From this week's Earplug:
For years, Montreal's MUTEK festival felt like an upstart — an isolated outpost for experimental electronic music and the kind of more populist (but hardly popular) club fare that's perpetually struggled to convince North Americans of its relevance. But, after eight annual installments and numerous satellite projects (in Mexico, Chile, Argentina, India, China, Berlin, and elsewhere), this year's event reached a sort of critical mass, boasting both the smoothest delivery and most diverse offerings in the history of the event.
A case in point, Underground Resistance supergroup Interstellar Fugitives are far from the MUTEK norm: their opening-night performance integrated smoke machines, angry political sloganeering, dystopian sci-fi projections, masks, and five men clothed in all black. For nearly 90 minutes, the group kept a small throng stage-front at the warehouse-like SAT space, covering material from 2006 UR label compilation Interstellar Fugitives 2, a stylistic hodgepodge that runs from brooding downtempo to kicked-up Detroit techno. Special mention goes to MIA, on drum pads, and hypeman Atlantis (we think — they were masked with blindfolds for much of the time). We were definitely feeling the rejection of personality and injection of politics into dance music that UR represents. Put against something as flashy and indulgent as Modeselektor's set two nights later, it gave the five-night MUTEK party some gravity.
More so than in recent years, dub, breaks, and digi-crunk were also on prominent display. Friday's Nocturne offered a reprieve from the 4/4 techno onslaught with performances from hometown turntablist-done-well Kid Koala as well as Megasoid and Knifehandchop. Fresh from the success of Happy Birthday! and seemingly nonstop global touring, Modeselektor grabbed the headline spot. While the act may have lacked the playful, on-the-fly spontaneity and jump-up/ragga stylings of earlier incarnations, the duo made up for it by the sheer size and impact of the performance, packing extra punch courtesy of larger-than-life visuals from Bpitch's in-house design team, Pfadfinderei.
Elsewhere, Flying Lotus made up for a rained-out Piknic Électronik with a stunningly powerful indoor set, focusing largely on improvised selections from his Reset EP and recently released Los Angeles LP. The set blurred the line between live performance and DJ set at times, as Lotus cut up and dropped in familiar breaks and bass lines from other artists' releases (he earned a significant crowd reaction to the razor-sharp hi-hats and familiar wood-block percussion of Burial).
Representing the full-on dubstep side of the equation, Kode9 and Spaceape played after a sleepy-yet-psychedelic run through the new Quiet Village record on !K7. Their performance had power, messianic incantations, and more than enough raw bass intensity to convert a completely new audience to the sound (it was apparent from the steady stream of people entering the room that word-of-mouth raves were working their way around).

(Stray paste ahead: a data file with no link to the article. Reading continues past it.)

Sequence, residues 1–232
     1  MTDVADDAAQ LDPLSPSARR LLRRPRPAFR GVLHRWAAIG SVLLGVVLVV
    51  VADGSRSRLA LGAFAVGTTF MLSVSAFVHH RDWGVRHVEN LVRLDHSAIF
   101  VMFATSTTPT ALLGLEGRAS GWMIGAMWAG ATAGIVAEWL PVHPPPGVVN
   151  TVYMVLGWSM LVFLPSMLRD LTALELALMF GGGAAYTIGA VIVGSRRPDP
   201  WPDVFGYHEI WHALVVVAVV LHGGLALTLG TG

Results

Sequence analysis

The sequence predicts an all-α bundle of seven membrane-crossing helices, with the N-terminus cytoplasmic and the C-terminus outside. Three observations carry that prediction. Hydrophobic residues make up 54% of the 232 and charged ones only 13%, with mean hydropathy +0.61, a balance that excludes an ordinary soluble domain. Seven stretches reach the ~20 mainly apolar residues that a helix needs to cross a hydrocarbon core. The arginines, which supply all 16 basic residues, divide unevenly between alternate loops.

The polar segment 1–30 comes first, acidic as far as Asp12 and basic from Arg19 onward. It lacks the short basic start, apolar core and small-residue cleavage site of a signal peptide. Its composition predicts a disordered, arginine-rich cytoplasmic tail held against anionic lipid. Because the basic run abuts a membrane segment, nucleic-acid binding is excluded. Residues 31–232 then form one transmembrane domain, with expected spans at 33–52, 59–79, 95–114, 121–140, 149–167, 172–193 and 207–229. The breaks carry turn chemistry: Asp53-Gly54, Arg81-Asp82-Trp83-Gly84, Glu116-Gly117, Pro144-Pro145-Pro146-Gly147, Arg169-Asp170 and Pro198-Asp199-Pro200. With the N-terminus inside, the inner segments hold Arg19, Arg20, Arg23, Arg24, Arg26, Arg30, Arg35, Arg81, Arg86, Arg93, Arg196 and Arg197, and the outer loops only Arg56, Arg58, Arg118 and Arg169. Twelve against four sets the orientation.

Sometimes relegated to the daytime periphery of the festival (read: slept through by exhausted ravers), this year's experimental and ambient installments — which went under the rubric of "audio/visual" fusions — were particularly strong. On Thursday, Freida Abtan warped and melted artfully captured videos of classic and modern dance, while Thrill Jockey's Németh and Hess constructed a cinematic dialogue between analogue synthesizer and live jazz kit. The following evening, two boldfaced names in experimental electronic music catapulted MUTEK's audio/visual daytime sessions into a must-attend event. The sold-out performances emphasized so-called "post-guitar," with Canadian Tim Hecker playing the warm, radiant sounds of his latest LP, Harmony in Ultraviolet, while later, Christian Fennesz dropped processed, crystalline guitar textures in front of a cinema-sized backdrop of beautifully moody visuals.
Of course, there was plenty of "proper" dance music as well, ranging from the techno onslaught of Danton Eeprom and Radio Slave — the latter pulled off a two-hour set on borrowed CDs after the airline lost his record bags — to more intimate post-minimal from Half Hawaii (Bruno Pronsato and Perlon's Sammy Dee) and Dave Aju. For a laptop performer, Aju is a treat to watch, grinning, bopping, and chanting along to oddball minimal tracks heavy on jazz sax samples, off-kilter, organic beats, and big, pillowy synth lines. Aju's forte is rubbery, funky songs that recall Kit Clayton when he's being floaty. The Savoy, a small, carpeted side room adjacent to Metropolis' bi-level space, was immediately thrumming with bodies and, soon enough, sprouted a queue that wouldn't abate all weekend.
Sunday dawned grey, but it wasn't enough to deter several hundred celebrants from flocking to a riverside park, umbrellas and all, to dance beneath an enormous Calder stabile during sets from Nôze, Ernesto Ferreyra, Onur Özer, and Mathias Kaden. No matter that the lineup had been programmed with sun in mind; Ózer and Kaden's three-hour tag-team set closed out the festival like a rain dance in reverse, with congas and African chants raised like invocations for the precipitation to abate. By nightfall, it mostly had.
-Michael Byrne, Colin J. Nagy, and Philip Sherburne